Battle Cry 2020 Packs the House with Michelle Malkin, Scott Presler and More to Teach Conservative Activism and Campaign Techniques

 

With American flag cowboy boots, campaign scarves and Republican red clothing items dotting the room, the conference hall in Troy, Michigan could have been filled with the rally members for any right-wing candidate in the 2020 election race.

But instead of being there to cheer their favorite bid for senator, these people were attending to learn how to extend their activism beyond the voting booth.

“There’s this concept in the Republican party that if we show up and vote, we’ve done our job,” Drew Thompson, Deputy State Director for the Michigan Republican Party said to a packed house; adding that doing so is the “bare minimum.”

Thompson was one of more than 10 speakers at Battle Cry 2020, a training event for conservative activists held in Michigan and hosted by the Michigan Conservative Coalition.

After opening on February 14 with a speech by conservative activist and author Michelle Malkin, the conference extended into the next day with a full slate of activist training on topics like voter registration, protecting election integrity and running for office.

Speakers included Rep. Shane Hernandez (R-83-Sanilac), attorney and author Ben Wetmore and conservative activist Scott Presler, among others.

Although most speakers covered election-specific topics like wining and keeping the Michigan Republican vote and how to properly campaign, one speaker also went over how faith is represented in politics, railing against “secular progressives” who use the hard sciences, education and entertainment to push an anti-conservative agenda.

Kristina Karamo, an expert in Christian apologetics, said that “God obviously cares about who’s in power” and that Christians should be aware of “foxes” like secular progressives.

“Folks, the eagle can die,” Karamo said. “The eagle can die.”

One of the most invigorating speeches of the day was from Presler, a popular conservative activist known for organizing city clean ups across the country.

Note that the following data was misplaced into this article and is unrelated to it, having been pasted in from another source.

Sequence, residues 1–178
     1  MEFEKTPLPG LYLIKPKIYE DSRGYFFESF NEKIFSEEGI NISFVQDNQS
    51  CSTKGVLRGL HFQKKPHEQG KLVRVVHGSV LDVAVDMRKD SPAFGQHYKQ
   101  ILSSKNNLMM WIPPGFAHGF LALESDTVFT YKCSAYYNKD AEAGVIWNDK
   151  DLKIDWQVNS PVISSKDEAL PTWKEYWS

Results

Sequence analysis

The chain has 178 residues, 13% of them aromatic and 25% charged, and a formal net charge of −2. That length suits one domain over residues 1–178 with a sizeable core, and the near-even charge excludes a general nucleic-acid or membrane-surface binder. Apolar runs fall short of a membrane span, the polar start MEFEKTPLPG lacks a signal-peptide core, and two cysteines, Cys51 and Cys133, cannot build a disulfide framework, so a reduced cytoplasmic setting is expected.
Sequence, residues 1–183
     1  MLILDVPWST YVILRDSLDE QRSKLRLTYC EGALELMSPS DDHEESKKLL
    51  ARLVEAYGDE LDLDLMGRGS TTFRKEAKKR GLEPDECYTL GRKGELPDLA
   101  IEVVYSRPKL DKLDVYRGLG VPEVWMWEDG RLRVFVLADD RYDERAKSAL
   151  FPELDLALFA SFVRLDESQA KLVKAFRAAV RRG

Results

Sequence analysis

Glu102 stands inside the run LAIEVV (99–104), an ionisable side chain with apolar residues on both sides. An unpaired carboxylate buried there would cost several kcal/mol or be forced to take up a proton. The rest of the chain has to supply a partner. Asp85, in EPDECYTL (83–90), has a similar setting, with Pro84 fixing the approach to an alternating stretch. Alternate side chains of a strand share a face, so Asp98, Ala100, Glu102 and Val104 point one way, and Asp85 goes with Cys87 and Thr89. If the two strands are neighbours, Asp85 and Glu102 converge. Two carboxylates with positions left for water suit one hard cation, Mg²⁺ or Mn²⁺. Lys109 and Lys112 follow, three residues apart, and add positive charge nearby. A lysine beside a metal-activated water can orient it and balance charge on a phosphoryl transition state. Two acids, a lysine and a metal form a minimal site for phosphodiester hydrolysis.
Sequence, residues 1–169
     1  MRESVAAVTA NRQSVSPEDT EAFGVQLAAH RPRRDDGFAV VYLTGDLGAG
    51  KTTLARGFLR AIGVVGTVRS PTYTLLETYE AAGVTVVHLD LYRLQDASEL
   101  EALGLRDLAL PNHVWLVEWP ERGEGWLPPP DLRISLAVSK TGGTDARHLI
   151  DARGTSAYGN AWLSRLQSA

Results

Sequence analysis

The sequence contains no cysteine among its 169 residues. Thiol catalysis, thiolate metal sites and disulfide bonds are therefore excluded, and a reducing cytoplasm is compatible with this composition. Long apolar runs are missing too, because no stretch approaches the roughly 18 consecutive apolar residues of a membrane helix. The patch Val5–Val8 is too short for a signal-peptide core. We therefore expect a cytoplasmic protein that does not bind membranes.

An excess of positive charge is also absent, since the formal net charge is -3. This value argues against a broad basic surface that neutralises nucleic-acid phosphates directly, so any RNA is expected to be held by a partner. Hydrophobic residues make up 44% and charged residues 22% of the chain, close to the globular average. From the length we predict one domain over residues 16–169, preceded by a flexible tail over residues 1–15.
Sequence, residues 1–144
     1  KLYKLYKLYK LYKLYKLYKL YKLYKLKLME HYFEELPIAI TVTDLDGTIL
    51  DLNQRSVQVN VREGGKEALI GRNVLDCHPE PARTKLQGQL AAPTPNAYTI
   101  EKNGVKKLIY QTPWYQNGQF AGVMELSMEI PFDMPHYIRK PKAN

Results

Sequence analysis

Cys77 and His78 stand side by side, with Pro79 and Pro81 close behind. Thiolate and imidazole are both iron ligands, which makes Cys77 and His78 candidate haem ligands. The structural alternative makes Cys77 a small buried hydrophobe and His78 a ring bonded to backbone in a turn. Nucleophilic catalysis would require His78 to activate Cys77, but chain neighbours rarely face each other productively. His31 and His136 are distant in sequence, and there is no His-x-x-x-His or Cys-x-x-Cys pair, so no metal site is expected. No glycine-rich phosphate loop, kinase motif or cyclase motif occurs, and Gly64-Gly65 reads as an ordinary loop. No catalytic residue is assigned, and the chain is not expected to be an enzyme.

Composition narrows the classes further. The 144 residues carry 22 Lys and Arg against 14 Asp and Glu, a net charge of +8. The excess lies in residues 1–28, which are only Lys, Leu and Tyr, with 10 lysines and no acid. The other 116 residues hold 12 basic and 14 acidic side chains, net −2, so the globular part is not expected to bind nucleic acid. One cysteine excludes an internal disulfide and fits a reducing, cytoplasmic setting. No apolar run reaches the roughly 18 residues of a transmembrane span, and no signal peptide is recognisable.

“I love our president because he’s a fighter,” Presler said. He spent his speech outlining tactics for increasing voter registration, including approaching people outside of Home Depot or Chick-fil-A and asking questions to identify which party they belong to. If they are Democrat, Presler said, do not attempt to register them to vote.

“We are here because this is a numbers game and we want to win,” he said.

Presler also received the first standing ovation of the day and was the favorite of conference attendee Lila Mandziuk of Sterling Heights.

“I want to do more,” Mandziuk said, adding that she feels “bad that I haven’t been doing anything.”

Mandziuk criticized impeachment, saying that it was a “waste of my money and my time.” She also railed against politicians on both sides of the political aisle.

“Politicians are all out for themselves,” she said. “Just work.”

Mandziuk said she voted for President Trump in 2016 and plans to vote for him a second time.

The conference closed with a speech from Mike Lindell, conservative activist, staunch Trump supporter and inventor of the popular MyPillow. Lindell went from being addicted to drugs to speaking privately with the president, a journey he attributes to the grace of God.

“It doesn’t matter how many forks you eat with, addiction affects all of us,” he said.

Lindell said that he thinks Trump’s presidency has been a success and to “just send [doubters] to promiseskept.org.”

“I think Michigan can be an example for how bad it was to how good it’s going to be,” Lindell said.

For more information about the Michigan Conservative Coalition, visit michiganconservativecoalition.com.

Jordyn Pair is a reporter with Battleground State News and The Michigan Star. Follow her on Twitter at @JordynPair. Email her at [email protected]
Photo “Michelle Malkin at Battle Cry 2020” by Michelle Malkin.

 

 

 

 

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